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By Journalist Name, staff writer Portland Press Herald/Maine Sunday Telegram Wednesday, July 19, 2006


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WESTBROOK — Sam Schack was nearly 10 when his parents thought he should learn to play tennis. They took him to the Portland Athletic Center in Falmouth, where instead he discovered, in a doubles alley, a woman in white wielding a weapon. "I thought it was much cooler than tennis," Schack said of his introduction to fencing.
The woman turned out to be Nancy Reynolds, who has since moved her Portland Fencing Center to the top floor of Westbrook's Dana Warp Mill.
Earlier this month in Atlanta, Reynolds watched Schack thrust and parry on a raised platform in the gold medal match at the United States Fencing Association Summer National Champ- ionships.
Schack, now 17 and soon to enter his junior year at Deering High, emerged from a field of 213 to earn second place in Division III men's épée - one of three weapons used in fencing.
"It's an accomplishment just to get to the gold medal bout," Reynolds said. "No one from Maine has ever won a national gold medal and Sam came three touches from it."
Schack is one of three Maine teenagers who qualified and competed in the national championships. Cara Taggersell, 15, of Kennebunk and Mitchell Brooks, 16, of Peaks Island also traveled to Atlanta along with PFC members Reynolds, Adam Ivy and Scott MacEachern of Brunswick.
Reynolds and MacEachern - a Bowdoin College professor of archeology - are in their mid-40s. Ivy, 23, fenced at Drew University and is an assistant coach to Reynolds. He lives in Buxton.
Noah Isaacson of Cumberland and Greg McIntyre of Falmouth also qualified for nationals but chose not to compete.
"It's a great sport," said Schack, who runs track at Deering. "They call it physical chess," for the demands required from both muscles and mind.
"It takes a great sense of timing, then there's the hand-eye coordination," he continued. "Plus you need a lot of leg strength, particularly in your upper quads. "
Schack spoke between bouts on a recent weeknight at the mill, where 10 fencers took turns dueling on two of three long strips roughly the size and width of a shuffleboard court.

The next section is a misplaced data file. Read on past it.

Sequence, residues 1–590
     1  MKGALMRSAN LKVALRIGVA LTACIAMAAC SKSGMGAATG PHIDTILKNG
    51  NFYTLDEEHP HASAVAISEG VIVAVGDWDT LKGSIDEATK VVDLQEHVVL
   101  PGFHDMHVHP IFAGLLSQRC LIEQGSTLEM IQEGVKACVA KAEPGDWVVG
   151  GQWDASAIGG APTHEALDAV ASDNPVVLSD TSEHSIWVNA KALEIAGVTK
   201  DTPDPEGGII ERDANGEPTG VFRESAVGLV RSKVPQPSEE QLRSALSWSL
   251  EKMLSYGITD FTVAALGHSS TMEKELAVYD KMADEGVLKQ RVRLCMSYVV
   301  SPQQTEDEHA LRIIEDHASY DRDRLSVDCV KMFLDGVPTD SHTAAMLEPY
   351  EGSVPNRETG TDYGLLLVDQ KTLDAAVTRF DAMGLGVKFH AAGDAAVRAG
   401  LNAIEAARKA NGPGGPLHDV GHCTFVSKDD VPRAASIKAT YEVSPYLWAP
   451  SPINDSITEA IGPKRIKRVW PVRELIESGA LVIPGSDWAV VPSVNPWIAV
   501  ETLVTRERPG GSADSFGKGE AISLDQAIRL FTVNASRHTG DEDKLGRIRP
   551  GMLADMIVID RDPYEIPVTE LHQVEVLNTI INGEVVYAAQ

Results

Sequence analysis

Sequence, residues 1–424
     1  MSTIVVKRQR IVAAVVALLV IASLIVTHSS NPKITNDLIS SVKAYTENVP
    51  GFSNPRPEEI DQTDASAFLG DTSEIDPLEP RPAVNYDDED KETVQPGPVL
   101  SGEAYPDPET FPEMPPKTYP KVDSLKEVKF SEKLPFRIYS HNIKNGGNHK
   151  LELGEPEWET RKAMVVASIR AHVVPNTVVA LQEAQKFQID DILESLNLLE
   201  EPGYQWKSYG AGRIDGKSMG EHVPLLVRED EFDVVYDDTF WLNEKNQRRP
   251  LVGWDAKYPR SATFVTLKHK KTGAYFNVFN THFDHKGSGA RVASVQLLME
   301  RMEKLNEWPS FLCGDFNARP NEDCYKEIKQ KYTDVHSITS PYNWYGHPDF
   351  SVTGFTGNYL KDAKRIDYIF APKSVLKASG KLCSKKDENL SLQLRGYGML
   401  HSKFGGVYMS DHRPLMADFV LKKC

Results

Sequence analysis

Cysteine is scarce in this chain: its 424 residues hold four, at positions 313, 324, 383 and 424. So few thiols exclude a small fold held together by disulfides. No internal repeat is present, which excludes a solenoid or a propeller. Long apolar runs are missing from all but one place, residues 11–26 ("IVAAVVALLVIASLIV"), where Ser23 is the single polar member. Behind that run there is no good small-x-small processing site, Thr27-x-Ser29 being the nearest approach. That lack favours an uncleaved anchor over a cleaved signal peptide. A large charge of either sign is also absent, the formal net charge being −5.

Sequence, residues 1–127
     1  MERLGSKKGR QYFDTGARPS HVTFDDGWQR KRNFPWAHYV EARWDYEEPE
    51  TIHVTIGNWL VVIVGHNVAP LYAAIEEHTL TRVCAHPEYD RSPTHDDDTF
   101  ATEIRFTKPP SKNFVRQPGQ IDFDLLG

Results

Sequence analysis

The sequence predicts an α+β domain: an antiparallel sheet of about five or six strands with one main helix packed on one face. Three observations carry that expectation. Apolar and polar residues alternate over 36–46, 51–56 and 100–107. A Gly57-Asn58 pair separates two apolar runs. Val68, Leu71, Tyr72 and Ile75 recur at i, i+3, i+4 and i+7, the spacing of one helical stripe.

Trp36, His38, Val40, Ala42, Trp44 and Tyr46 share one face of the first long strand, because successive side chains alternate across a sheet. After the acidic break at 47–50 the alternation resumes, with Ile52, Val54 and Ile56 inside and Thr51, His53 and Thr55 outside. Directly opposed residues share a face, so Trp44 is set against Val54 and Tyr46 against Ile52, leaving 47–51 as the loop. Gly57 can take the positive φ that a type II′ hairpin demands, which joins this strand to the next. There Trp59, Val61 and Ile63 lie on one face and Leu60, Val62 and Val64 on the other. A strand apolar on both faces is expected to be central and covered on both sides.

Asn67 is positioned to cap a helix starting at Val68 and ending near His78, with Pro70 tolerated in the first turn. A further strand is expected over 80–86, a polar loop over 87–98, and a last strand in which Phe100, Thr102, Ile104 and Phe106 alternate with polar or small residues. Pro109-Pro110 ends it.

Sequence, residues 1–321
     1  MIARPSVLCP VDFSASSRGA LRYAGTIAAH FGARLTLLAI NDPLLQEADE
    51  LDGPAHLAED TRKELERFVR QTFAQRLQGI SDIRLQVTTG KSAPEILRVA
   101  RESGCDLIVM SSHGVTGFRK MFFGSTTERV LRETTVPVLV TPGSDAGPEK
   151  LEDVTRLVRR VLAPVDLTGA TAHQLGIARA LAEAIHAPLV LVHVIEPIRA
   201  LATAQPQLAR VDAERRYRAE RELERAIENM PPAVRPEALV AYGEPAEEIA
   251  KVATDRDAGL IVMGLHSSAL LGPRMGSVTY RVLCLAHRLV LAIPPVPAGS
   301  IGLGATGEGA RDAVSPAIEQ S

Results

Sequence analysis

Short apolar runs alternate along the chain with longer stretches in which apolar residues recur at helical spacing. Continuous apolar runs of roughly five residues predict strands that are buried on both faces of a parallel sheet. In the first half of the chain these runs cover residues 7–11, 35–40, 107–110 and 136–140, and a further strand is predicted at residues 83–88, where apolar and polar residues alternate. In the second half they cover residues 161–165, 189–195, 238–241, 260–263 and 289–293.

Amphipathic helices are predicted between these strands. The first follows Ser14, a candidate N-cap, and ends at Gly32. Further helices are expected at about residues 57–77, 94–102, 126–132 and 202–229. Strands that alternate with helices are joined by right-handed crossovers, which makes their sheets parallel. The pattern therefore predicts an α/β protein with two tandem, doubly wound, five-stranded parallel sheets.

Front foot heel-and-toeing in forward and reverse, perpendicular back foot hopping along in balletic rhythm, the fencers clashed in stops and starts beneath the unwavering gaze of a large sailfish - "We call it a swordfish," Reynolds said - that once graced the old Cotton Street Cantina.
Light poured in through several large windows. Fencers wore white knickers and mesh face masks and metallic vests that, when poked by an opponent's foil, produced a "beep" and a red or green light from a device on the wall.
A wire runs through each foil and plugs into a body cord worn by each fencer. This cord, in turn, plugs from the backside of each fencer into an overhead pulley system that leads to the scoring lights.
"It is really weird when you start out," said Brooks, who learned about fencing from a fellow Peaks Islander. "But it's a great sport. You're trying to figure our your opponent. The whole head-game thing is my favorite part of it."
Whereas Schack and Taggersell both had nationals experience, Brooks was making his first such trip, having qualified through a regional event.
"It's so huge," he said of the event featuring 3,400-plus competitors. "It just blows you away that there can be that many fencers."
Besides the foil and pe, fencers also compete with a saber. Most specialize in one weapon. For Taggersell, that weapon is the foil.
She had hoped her third visit to nationals would be a charm. Instead, it overlapped with her worst week of mononucleosis.
"I had been hoping for a top-four finish in Division II women's foil," she said. "Instead I was 28th out of 190. So I did OK, I did the best I could with what I had."
Last year in Sacramento, Calif., Taggersell placed ninth in under-14 women's foil. She developed a yearning to fence as a 7-year-old, did some Internet research at 8 and presented her father with the PFC phone number and a request for lessons.
"Fencing is my passion," she said. "I just love it as a sport . . . as everything."
At Kennebunk High, Taggersell wrote a sophomore research paper on fencing. She learned about depictions of fencing discovered in ancient Roman caves.
"It's a sport that originated in ancient times and is still a modern sport," she said. "You can't say that about many sports."
Taggersell also plays soccer and snowboards. She assists Reynolds at summer camps for Curious Musketeers, as Reynolds calls her youngest students. In return, Taggersell fences as often as she likes on the burnished wooden boards of the old mill.
"She's done an amazing job, especially with the younger kids," said Kathleen Taggersell, Cara's mom, of Reynolds. "The center has grown tremendously since she moved into this facility (in 2000). She's got a whole wave of kids who are around 12 years old coming up."
One PFC member, Jimmy Einsiedler, recently returned from his first year in college, where he fenced for Johns Hopkins University. Taggersell, Schack and Brooks all say they plan to follow suit.
"She's really grooming these kids to fence in college, which I don't think anyone thought about when they started at 12," Kathleen Taggersell said. "They were just having fun with a sword."
Staff Writer Glenn Jordan can be contacted at 791-6425 or by e-mail.